It was not just an ordinary day for Bandung. On 19 April 1955, world leaders from Asian and African countries who had just gained independence from colonial rule gathered in the city and agreed to work hand in hand. Sixty years later, this momentous event was commemorated over several days, peaking on April 24th when costumes painted the city streets with the colors of the participating countries. Saying that the event is huge doesn’t do justice to the magnitude of the celebration. It was one of the biggest crowds I have seen in my life, if not the biggest.

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You’re My Boss: 10 Filming Locations in Batanes

Batanes isn’t new to the local movie scene. Filmmakers attempting to capture its sheer and undeniably cinematic beauty have used the country’s northernmost province as setting for their treasured stories. The most notable of these are Hihintayin Kita sa Langit and Batanes, Sa Dulo ng Walang Hanggan.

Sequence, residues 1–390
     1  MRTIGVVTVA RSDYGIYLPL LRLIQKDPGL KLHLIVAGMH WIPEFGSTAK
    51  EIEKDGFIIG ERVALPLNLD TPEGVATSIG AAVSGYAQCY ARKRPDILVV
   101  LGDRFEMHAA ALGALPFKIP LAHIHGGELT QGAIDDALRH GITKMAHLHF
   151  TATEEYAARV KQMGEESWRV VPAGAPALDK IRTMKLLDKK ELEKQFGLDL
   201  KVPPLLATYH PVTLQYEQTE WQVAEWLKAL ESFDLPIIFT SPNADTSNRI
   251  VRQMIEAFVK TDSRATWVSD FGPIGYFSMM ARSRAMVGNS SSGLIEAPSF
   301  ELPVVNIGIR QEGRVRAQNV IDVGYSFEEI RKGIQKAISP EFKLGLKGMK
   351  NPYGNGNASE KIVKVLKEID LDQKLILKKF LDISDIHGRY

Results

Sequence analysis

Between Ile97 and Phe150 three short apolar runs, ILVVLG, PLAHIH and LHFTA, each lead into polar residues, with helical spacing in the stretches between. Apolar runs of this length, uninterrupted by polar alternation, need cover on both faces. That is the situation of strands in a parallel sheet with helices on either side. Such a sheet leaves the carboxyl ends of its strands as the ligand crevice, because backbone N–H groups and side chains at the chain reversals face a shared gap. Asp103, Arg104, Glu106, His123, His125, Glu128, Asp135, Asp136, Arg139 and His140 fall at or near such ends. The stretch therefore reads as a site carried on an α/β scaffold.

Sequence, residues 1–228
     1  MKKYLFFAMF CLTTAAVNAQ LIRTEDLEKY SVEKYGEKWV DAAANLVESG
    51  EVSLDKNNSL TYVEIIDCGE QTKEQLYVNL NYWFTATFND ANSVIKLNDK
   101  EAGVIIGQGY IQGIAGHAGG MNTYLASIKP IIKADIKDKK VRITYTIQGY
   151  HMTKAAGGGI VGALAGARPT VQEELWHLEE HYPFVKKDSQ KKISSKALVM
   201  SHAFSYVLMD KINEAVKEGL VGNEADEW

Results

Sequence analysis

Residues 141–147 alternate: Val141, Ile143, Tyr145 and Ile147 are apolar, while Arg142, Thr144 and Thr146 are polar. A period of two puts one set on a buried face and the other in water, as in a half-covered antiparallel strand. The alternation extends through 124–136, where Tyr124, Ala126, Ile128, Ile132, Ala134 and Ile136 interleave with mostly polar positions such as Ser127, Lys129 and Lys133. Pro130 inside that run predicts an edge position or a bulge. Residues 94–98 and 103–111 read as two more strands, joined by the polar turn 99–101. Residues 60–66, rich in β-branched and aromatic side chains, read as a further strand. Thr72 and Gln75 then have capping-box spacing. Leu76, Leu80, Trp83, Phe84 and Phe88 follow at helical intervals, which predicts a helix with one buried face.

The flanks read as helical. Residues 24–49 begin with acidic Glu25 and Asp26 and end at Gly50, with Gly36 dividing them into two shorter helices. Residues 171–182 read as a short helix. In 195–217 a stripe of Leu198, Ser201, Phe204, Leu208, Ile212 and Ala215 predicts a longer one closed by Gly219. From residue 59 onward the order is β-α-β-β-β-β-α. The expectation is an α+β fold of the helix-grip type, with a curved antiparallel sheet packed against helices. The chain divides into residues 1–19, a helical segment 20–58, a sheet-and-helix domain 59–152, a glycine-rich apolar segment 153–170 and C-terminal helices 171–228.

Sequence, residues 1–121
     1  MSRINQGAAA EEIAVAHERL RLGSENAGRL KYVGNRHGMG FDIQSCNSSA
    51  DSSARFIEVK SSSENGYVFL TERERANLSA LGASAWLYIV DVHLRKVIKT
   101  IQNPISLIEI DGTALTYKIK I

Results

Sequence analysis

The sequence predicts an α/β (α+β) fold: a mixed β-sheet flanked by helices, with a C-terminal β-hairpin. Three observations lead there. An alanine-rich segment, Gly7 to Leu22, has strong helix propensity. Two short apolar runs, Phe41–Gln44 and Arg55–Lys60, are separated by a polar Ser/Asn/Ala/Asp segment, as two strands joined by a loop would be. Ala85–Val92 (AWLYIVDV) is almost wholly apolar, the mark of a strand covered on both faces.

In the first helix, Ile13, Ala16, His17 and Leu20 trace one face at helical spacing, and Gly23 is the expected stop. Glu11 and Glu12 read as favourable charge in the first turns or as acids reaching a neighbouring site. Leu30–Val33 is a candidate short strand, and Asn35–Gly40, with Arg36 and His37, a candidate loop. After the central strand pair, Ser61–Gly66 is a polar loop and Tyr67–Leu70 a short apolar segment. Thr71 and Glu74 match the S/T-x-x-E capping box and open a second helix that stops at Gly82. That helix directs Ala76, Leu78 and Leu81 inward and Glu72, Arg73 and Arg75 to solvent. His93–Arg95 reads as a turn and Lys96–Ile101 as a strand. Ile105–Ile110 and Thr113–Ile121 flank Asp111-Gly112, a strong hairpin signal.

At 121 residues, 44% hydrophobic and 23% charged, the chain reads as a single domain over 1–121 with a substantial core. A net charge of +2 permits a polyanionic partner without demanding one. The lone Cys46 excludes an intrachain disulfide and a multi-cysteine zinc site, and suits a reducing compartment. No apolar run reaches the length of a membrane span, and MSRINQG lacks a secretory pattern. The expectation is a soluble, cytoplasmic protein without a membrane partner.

The newest addition: Star Cinema’s summer offering “You’re My Boss.” While the majority of the sequences were set in the corporate world, the latter part was shot in Batanes, with its mesmerizing landscapes giving a stark contrast to the usual office setting. Starring Coco Martin and Toni Gonzaga, the film used Batan and Sabtang Islands as the places where the characters’ budding romance fully blossomed.

Disclosure: I co-wrote the film with its director, Antoinette Jadaone, so of course, I am promoting it. There are a few spoilers below so read at your own risk.

Anyway, here are the 10 destinations in Batanes where “You’re My Boss” was shot.